We could get the power to set our own rates of tax
Welsh plan paves the way for change
Northern Ireland could be handed tax varying powers – if we want them, Secretary of State Theresa Villers has revealed.
During the Budget announcement yesterday Chancellor George Osborne said that Wales will receive some tax powers.
Ms Villiers told the Belfast Telegraph that Westminster is considering handing the same powers to Northern Ireland in future. These will not include corporation tax, but could include stamp duty.
"The kind of powers that will be introduced in Wales were discussed when we were negotiating the Stormont pact last year," she said. "There was a commitment in that pact to look again at these issues to see whether there are tax varying powers that the Executive would want devolved. That work is under way."
Mr Osborne also announced radical changes to the way people can manage their pensions yesteray, and the creation of Northern Ireland's first enterprise zone.
A new data centre will be built near the University of Ulster in Coleraine and investment and capital allowances for plant and machinery investment will be made available until March 2020.
Enterprise zones have already been established in the rest of the UK and have proven successful at clustering high-tech businesses and driving growth.
The annual investment allowance is also being doubled to £500,000 until the end of 2015, increasing the amount of up-front relief businesses can claim. Osborne said he will remove all remaining tax restrictions on how pensioners access their pension pots. People with defined contribution schemes will no longer have to take out an annuity.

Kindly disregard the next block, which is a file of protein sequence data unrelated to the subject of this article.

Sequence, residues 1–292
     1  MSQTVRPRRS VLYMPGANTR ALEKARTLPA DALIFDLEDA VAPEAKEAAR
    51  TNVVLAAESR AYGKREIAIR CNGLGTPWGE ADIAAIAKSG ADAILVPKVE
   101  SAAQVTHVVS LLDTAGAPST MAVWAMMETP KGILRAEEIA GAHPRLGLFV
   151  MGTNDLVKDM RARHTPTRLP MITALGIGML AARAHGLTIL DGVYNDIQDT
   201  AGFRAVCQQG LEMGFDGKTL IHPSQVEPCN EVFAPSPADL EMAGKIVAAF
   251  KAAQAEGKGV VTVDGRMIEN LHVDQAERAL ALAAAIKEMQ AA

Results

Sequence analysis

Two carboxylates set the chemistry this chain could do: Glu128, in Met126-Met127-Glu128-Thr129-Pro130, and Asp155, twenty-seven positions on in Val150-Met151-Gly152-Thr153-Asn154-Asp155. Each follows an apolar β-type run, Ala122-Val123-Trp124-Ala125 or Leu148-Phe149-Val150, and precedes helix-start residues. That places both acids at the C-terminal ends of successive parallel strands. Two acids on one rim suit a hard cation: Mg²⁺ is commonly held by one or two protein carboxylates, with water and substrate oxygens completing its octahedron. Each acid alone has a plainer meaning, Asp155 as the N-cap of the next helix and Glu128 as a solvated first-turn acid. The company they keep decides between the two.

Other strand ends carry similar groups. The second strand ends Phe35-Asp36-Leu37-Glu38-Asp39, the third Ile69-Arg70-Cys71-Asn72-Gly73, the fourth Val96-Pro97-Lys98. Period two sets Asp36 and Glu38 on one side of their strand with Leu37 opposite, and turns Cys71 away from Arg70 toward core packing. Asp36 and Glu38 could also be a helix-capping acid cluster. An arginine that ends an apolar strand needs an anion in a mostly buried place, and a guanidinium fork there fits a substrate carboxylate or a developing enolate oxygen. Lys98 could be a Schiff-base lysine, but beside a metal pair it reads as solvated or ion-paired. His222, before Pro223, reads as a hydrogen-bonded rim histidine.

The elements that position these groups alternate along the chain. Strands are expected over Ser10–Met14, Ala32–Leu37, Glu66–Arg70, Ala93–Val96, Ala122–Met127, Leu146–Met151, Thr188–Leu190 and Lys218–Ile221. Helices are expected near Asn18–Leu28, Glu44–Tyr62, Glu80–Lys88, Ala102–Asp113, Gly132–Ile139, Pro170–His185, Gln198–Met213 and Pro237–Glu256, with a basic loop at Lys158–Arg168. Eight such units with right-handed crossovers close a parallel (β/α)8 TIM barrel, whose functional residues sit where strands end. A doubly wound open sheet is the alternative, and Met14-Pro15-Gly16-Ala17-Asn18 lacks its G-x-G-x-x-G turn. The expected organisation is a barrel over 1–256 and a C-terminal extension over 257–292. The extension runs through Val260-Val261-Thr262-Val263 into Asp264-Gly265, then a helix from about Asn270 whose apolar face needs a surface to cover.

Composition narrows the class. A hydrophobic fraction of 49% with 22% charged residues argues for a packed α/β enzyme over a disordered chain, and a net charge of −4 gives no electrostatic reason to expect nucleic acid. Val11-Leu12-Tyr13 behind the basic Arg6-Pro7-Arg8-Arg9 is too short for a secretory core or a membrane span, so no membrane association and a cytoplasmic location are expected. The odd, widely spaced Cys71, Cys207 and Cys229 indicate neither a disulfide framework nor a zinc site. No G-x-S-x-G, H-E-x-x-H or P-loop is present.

The income requirement for flexible drawdown will be cut from £20,000 to £12,000, the size of the lump sum small pot will increase five-fold to £10,000 and the total pension savings taken as a lump sum will rise to £30,000.
Osborne also announced that from July cash and shares Isas will be merged into a single new Isa and the amount that can be saved tax-free will rise to £15,000. The junior Isa limit will be raised to £4,000. The 10p starting rate of tax on income from savings is to be abolished.
The cap on Premium Bonds will be raised to £40,000 in June and £50,000 next year.
There will also be a new Pensioner Bond paying market-leading rates, open to everyone aged 65 or over, available from January next year.
The personal tax allowance – the amount you can earn before you pay income tax – will rise by £500 to £10,500.
Duty on beer will be cut by 1p a pint, while duty on spirits and 'ordinary' cider will be frozen.
The film tax credit, which has helped attract producers to Northern Ireland, will be extended and there will be similar incentives for regional theatre, with a 25% tax relief for regional tours.